A pet owner today may not think that their cat or dog and lasers go together, but in a veterinarian’s office, cold therapy lasers have emerged as a safe and effective method for treating a number of problems in common pets. Today, lasers are used for more than cutting metal in a factory or remote controls for televisions. Veterinary laser equipment can work with a pet’s natural tissues and blood flow to help these pets recover from common physiological issues, and a vet’s office may look for a veterinary laser for sale if they do not already have one. Investing in a veterinary laser for sale can be a real boon for a vet’s office, and expand its treatment options for clients’ pet dogs, cats, and even birds. Pre-owned veterinary lasers may be found on the market for wholesale, or a vet’s office may turn to other wholesale distributors to get a veterinary laser for sale, or even two of them. Medical laser suppliers may be ready and willing to provide a veterinary laser for sale for a fair price (the exact price will vary, of course).
Using Lasers on Pets
How exactly might a beam of focused light help a dog recover from a leg problem, or a cat’s inflammation go down? Traditional medicines exist for this, but lasers promise to be a low-risk, non-invasive method for treating a number of conditions in cats and dogs. These lasers, put simply, will use their energy to stimulate cells in the affected tissues, thus allowing cells to multiply faster and allow the animal to begin recovery more easily. Such stimulation may help the lymph nodes do their work, and this may also allow for faster and more effective blood flow as well. Any or all of those responses to a laser will help the animal heal form an injury more quickly. In short, it turbo-charges the body’s own healing abilities. Today, the World Assn. of Laser Therapy as published data showing that targeted tissues may need a dose of five to 10 joules per centimeter squared to get the desired biological response in the patient’s cells. This may bolster blood flow and cell division, and a pet’s swollen and inflamed leg may recover faster, just as one example.
The Right Equipment
A veterinarian’s office may not already have such a laser emitter on hand, so a vet’s office owner may go online and look up animal medicine suppliers who may have a veterinary laser for sale on the market. The vet’s office owner may look for a new or a used model, depending on their preference, and find the model that suits their needs best. And once the laser arrives, the staff may invest in safety goggles both for the user and the non-human patient alike. Even a dog will need safety glasses when this laser is used, as a precaution. Staff members may get training to use this laser most effectively and safely on cats, dogs, and birds, and a veterinarian may look up online training courses if there are no in-person courses nearby.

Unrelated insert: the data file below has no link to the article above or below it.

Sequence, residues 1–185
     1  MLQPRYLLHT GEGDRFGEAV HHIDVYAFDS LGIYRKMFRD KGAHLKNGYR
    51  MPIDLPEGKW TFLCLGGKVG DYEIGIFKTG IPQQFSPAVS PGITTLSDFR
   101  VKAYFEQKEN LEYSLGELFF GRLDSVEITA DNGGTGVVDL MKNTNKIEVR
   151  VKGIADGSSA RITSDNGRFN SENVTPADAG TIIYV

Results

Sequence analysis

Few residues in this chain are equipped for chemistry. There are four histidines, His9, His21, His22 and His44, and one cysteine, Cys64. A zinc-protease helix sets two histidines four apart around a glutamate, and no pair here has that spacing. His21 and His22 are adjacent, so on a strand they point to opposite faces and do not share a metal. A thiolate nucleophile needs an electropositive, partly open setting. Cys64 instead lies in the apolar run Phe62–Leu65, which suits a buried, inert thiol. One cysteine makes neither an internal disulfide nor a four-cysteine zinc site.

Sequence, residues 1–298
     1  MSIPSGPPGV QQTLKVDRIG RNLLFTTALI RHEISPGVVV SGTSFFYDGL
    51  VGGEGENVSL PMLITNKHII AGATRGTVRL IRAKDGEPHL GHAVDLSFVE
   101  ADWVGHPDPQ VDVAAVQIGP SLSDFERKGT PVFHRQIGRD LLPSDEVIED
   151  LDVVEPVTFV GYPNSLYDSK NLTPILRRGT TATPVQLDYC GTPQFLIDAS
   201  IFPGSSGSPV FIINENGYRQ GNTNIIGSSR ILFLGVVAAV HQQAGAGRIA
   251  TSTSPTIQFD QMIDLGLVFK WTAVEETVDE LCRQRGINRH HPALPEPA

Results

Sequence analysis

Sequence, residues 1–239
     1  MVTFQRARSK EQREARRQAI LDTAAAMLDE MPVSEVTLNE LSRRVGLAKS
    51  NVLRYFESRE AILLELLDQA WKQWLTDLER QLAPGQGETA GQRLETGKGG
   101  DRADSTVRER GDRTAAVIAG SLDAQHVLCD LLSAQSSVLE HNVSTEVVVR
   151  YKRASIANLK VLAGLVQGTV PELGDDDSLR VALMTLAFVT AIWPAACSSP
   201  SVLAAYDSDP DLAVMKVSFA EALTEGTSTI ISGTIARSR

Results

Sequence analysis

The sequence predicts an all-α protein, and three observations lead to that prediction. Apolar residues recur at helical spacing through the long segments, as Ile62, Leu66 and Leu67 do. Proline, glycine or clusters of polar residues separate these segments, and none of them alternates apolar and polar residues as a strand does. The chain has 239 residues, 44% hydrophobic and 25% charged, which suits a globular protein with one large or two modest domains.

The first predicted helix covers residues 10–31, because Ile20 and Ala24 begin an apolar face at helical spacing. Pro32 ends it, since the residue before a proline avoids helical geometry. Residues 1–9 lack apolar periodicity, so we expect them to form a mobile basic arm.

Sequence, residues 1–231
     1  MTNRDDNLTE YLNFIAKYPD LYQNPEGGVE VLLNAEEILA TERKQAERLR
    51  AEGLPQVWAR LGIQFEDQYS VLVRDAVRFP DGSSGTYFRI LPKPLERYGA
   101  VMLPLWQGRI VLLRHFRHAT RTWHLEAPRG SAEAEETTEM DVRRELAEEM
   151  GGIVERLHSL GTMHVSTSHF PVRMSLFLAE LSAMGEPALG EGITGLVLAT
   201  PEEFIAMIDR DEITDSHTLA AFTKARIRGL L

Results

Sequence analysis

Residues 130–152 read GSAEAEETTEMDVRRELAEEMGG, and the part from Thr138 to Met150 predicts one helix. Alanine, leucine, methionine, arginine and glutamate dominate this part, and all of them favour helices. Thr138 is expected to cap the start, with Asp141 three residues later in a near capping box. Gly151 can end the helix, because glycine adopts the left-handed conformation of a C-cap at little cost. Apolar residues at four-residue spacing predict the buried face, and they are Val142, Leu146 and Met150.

Taking Your Pet to the Veterinarian
The owner of a wounded or ill pet is advised to bring that pet to a nearby vet’s office or an animal hospital, depending on the severity of the pet’s problem, and have the health issue diagnosed. In some cases, a cat or dog may have the option of laser therapy, and the pet’s owner will be informed of this option and what it entails. Should the owner agree, the pet may be brought in for several laser sessions on the affected tissues to get the desired natural response. And when bringing a pet to the vet’s office, the owner should be ready to accommodate the pet’s behavior. Some cats or dogs may be frightened by other pets or people in the office, or they may turn aggressive. A frightened or aggressive pet may be left in the client’s car until they are ready to bring their pet directly to the vet’s exam room. Otherwise, a well-behaved, leashed dog may be in the waiting room with its owner, and a cat may be in a small carrying kennel (cats are not typically leashed).